Saturday, May 27, 2023

Via RealClearWire:

Iowa Poll: Trump Holds 3-to-1 Lead Over DeSantis

May 25, 2023

An abortive rally and an expanding field of challengers hasn’t hurt Donald Trump’s standing in Iowa, according to a new poll from Emerson College. In results released Thursday morning, 62% of Republican voters indicated they would choose Trump as the party’s nominee, giving the former president a 3-to-1 margin over Florida Gov. Ron DeSantis, who clocked in at 20%. Mike Pence and Nikki Haley are tied for third with 5%. 

DeSantis, who formally declared his run Wednesday during a Twitter livestream with Elon Musk, has long been considered the most significant challenger to Trump for the GOP nomination, but the gap between the two has been expanding. Although the governor made a pair of widely covered visits to Iowa earlier this month, any corresponding boost in the polls has yet to materialize. The Emerson survey places him about on par with the current RCP national average

Nonetheless, the DeSantis campaign may have exposed a fault line within the GOP’s base. The new poll found that although Trump was preferred by Republican voters across the board, he was especially favored by those under the age of 35 (75%) and without a college degree (70%). DeSantis is much closer among Republicans with a postgraduate degree. 

The poll found that either candidate would beat President Biden handily in Iowa if the election were held today. A rematch between Trump and Biden shows a 49%-38% Trump lead in the Hawkeye State, with 10% voting third party and 6% undecided. DeSantis leads Biden 45%-38%. 

Despite this — and despite a meager 35% job approval rating in the state — Iowa Democrats remain united behind Biden. Emerson found 69% of them ready to support his reelection in 2024. Environmentalist Robert F. Kennedy Jr. comes in a distant second at 11%. 

The survey also showed that the top concern among Iowans is the economy, with 31% of all voters citing it as the most important issue facing their state. This was followed by education (15%), “threats to democracy” (15%), immigration (10%), abortion access (9%), and health care (8%).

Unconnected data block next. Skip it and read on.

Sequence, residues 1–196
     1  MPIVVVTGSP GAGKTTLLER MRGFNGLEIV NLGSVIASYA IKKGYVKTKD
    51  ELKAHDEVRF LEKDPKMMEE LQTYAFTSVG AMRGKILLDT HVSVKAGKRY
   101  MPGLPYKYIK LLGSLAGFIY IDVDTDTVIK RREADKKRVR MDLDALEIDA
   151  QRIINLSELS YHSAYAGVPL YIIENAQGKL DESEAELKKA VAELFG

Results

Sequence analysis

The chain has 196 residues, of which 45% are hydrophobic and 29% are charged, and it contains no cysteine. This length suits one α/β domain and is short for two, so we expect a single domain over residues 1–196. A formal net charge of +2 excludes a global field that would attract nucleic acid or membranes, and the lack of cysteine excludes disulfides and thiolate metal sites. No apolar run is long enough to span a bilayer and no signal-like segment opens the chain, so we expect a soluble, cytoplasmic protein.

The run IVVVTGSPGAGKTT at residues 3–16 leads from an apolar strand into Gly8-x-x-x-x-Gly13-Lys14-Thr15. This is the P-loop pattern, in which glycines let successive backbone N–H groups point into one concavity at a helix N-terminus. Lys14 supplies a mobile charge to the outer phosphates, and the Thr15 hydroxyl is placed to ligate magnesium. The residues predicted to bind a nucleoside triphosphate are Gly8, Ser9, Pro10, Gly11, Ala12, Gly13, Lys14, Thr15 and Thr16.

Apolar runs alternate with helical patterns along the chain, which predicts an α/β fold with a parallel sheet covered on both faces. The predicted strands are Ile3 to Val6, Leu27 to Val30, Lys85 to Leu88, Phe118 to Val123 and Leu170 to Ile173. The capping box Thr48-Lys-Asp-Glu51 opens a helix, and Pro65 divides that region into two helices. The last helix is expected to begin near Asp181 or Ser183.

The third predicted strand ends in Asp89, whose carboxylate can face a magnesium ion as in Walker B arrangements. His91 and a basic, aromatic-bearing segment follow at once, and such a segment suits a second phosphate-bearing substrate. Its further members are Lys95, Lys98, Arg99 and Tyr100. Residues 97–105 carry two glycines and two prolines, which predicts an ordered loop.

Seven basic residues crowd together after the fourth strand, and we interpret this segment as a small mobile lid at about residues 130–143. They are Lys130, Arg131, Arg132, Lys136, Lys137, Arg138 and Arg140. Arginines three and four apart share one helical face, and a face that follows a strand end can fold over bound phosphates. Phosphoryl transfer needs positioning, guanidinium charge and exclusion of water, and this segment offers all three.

Election integrity continues to be an especially divisive issue. Although the majority of those polled stated that Joe Biden’s 2020 victory was legitimate, 46% of Iowa voters — including 43% of independents — said it was not.  There was, predictably, a split along party lines: 91% of Democrats believe the election results to be sound, and 78% of Republicans do not. 

Iowans are also anxious for their state’s caucus to retain its first-in-the-nation status, a roughly 50-year-old tradition that has cemented Iowa as a cornerstone of the American political landscape and transformed the sparsely populated, rural state into a kind of presidential power broker. Its status has been threatened this year following a move by Democrats to swap Iowa with South Carolina in their primary lineup. 

About three-fourths of voters found it “very” (40%) or “somewhat” (34%) important that Iowa keep its perch as first in the nation. Republicans were particularly animated by the issue, with 86% saying it was important. 

Voters in Iowa are also divided, though less informed, when it comes to the looming prospect of America’s first-ever default on its national debt. Half of them (49%) are against raising the debt ceiling, compared to 36% in favor, with 16% unsure. 

The one area where Iowans from both parties unequivocally agreed?  The need for televised presidential debates. A whopping 92% of all caucus voters found that participation in debates was important prior to making a decision. Trump has cited his poll numbers as proof that he need not debate with any of his party’s numerous upstart candidates. Iowans do not agree. 

Emerson’s poll was conducted May 19-23 among 1,064 registered voters. The margin of error is roughly 2.9 percentage points.

This article was originally published by RealClearPolitics and made available via RealClearWire.

American voters may be finally growing weary of the Ukraine-Russia proxy war